Texas Legislature Passes Bill Aimed to End Its Forced Child Marriages Problem

When Dr. Nusrat Ameen hears from young women who married as children, it is often at the stage when they are trying to escape.

Ameen works for Daya, an organization in Houston that helps women or families that are dealing with domestic violence, and has been studying and advocating against forced marriages since 1999. She has heard from a 20-year-old college student whose parents had forced her to marry her cousin at age 16, and whose parents threatened to take away her tuition money unless she consummated the marriage. Ameen has heard from a 17-year-old girl forced to marry a 25-year-old man and who wanted to go off to college, not move in with a man she did not love. She's heard from a mother who was concerned that her daughter's friend was being forced into a marriage, who was wondering, what can we do to stop this?

The Texas Legislature may have just answered with a solution: banning child marriages altogether, as the House voted to do on Friday, sending the legislation up to Governor Greg Abbott for his signature.

Texas has long enjoyed the unfortunate honor of having the second-highest rate of child marriages in the United States, with a rate of seven per 1,000 children married between the ages of 15 and 17, according to a 2016 Pew Research Center report. The Lone Star State just barely second to West Virginia. In Texas, there is actually no minimum age for marriage, so Ameen has even seen child brides as young as 12 or 13 marrying men in their twenties or thirties. From 2000 to 2014, more than 40,000 children got married in Texas, according to data published by the Tahirih Justice Center, another organization staunchly supportive of the bill. The problem cuts across cultural, religious and ethnic divides, Ameen said, but is more common with teen girls than boys.

For a child to get married in Texas, if she is 16 or 17, all she needs is a parent's consent — which can at times be more akin to coercion — and if she is 15 or younger, she also needs judicial approval.

"The parents may have good intentions to get the children off in hands of people they trust, and do something good for them in the long run," Ameen said. "But that may lead to a forced marriage because of the fact that the person is a child, not knowing how to protect herself. Forced marriage can give rise to domestic violence, to having reproductive rights refused and to being financially dependent on the person they are marrying."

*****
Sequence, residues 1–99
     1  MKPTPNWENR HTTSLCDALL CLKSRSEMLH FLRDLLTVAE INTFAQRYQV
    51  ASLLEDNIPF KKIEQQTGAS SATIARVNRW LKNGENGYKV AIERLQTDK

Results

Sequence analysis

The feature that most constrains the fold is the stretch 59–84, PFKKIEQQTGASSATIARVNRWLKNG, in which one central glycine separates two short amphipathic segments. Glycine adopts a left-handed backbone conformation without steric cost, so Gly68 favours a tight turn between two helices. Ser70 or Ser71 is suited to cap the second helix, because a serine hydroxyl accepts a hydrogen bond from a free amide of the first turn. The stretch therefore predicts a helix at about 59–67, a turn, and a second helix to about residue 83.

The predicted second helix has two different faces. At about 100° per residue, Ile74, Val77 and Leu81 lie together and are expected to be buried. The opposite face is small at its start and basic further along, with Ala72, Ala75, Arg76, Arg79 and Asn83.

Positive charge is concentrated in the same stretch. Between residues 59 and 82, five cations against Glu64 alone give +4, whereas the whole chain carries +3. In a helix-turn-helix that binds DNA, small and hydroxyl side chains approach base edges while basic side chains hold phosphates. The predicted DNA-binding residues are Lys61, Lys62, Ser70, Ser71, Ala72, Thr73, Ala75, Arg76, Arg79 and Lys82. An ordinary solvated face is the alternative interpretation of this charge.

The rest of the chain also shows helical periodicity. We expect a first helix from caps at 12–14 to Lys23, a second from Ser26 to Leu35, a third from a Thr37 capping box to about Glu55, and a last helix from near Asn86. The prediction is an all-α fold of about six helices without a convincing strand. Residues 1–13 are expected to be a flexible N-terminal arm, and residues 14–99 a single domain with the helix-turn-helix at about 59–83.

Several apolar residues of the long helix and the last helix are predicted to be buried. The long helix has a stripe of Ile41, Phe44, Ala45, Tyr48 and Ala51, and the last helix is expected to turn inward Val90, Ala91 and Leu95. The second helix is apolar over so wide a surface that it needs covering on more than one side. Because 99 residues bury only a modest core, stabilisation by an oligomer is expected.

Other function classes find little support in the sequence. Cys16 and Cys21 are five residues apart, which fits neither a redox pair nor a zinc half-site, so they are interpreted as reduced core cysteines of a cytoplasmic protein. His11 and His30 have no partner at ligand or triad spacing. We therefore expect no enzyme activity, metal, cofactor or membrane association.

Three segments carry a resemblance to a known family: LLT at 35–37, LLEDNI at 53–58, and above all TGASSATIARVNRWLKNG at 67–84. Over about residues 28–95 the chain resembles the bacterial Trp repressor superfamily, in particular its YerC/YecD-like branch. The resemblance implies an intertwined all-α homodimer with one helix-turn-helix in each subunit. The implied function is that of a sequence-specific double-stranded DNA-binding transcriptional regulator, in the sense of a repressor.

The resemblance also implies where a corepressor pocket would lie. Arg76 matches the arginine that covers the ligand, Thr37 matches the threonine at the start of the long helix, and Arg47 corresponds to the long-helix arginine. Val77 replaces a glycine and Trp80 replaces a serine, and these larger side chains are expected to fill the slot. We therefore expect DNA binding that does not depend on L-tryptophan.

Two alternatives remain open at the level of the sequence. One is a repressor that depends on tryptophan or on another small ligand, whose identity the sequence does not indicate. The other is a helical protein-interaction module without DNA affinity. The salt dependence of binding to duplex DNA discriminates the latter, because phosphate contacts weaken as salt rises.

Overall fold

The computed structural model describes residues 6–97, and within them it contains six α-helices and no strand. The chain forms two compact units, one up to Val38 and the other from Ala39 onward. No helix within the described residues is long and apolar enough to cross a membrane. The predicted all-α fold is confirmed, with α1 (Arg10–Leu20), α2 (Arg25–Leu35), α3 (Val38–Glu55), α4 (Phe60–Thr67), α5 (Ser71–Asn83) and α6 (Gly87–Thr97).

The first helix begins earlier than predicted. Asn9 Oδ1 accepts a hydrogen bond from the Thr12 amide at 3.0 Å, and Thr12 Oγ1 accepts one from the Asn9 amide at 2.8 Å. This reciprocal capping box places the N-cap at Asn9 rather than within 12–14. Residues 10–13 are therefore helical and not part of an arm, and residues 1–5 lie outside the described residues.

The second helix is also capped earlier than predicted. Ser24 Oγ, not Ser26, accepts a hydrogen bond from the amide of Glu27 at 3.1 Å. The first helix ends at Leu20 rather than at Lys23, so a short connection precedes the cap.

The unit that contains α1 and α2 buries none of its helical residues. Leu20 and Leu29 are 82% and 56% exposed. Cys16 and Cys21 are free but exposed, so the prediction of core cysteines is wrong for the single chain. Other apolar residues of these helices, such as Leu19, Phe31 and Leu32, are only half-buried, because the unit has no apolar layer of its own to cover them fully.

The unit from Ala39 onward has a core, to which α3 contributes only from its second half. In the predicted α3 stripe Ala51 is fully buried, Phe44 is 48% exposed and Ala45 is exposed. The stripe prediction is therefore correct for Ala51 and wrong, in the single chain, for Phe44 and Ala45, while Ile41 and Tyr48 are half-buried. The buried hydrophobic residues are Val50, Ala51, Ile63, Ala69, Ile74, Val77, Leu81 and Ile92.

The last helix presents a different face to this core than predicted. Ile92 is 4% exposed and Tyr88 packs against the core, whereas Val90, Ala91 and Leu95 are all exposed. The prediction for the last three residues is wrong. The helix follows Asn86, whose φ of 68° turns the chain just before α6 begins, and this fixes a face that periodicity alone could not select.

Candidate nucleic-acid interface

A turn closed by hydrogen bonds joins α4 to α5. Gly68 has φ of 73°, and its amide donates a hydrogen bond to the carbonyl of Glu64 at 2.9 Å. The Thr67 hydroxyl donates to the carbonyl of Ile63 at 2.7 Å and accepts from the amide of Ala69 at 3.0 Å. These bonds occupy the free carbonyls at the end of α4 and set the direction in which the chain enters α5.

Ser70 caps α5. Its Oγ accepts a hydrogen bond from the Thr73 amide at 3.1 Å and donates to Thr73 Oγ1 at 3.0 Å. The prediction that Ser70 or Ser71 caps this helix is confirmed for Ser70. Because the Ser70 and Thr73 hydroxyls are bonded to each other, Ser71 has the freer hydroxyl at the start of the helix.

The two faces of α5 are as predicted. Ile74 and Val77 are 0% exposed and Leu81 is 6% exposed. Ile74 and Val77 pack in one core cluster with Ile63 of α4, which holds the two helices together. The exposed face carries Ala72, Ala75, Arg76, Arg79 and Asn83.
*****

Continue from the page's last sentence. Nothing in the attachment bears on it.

Once the child is married and possibly faces domestic violence or sexual assault, even though she is still a kid, Child Protective Services can't help her, because she's married.

The bill that passed Friday — Senate Bill 1705, authored by Senator Van Taylor (R-Plano) and sponsored by Representative Senfronia Thompson (D-Houston) — would change all of that. It makes 18 the legal age to marry, and would allow people younger than 18 to marry only if they have already been emancipated by a court order (i.e., a judge has found that they live on their own and are no longer dependent on parents or guardians to support themselves).

"We are very grateful to Senator Taylor for his leadership in taking this critical step to protect children in Texas from being forced to marry," Jeanne Smoot, senior policy counsel at the Tahirih Justice Center, another supporter of the bill, said in a statement. "This bill empowers young people to enter marriage only with their full and free consent."

Two poignant stories that circulated in recent months largely rallied legislators to support the bill. One was that of a Houston Chronicle writer's mother, who was forced into a marriage at age 14 and later escaped the marriage and lived out of a car with an infant for several months at age 17. Another was that of Trevicia Williams, who at 14 was forced into a marriage with a 26-year-old, abusive man. She gave birth to her first child while she was still one herself, at 15, and when she turned 18, she filed for divorce.

"I felt a deep sense of being powerless because of my age," she told legislators in written testimony. "Within the first 30 days of the marriage, my now ex-husband hit me...I asked my mother if I could return home and she told me no."

Should the bill be signed by Governor Abbott, it will go into effect on September 1.

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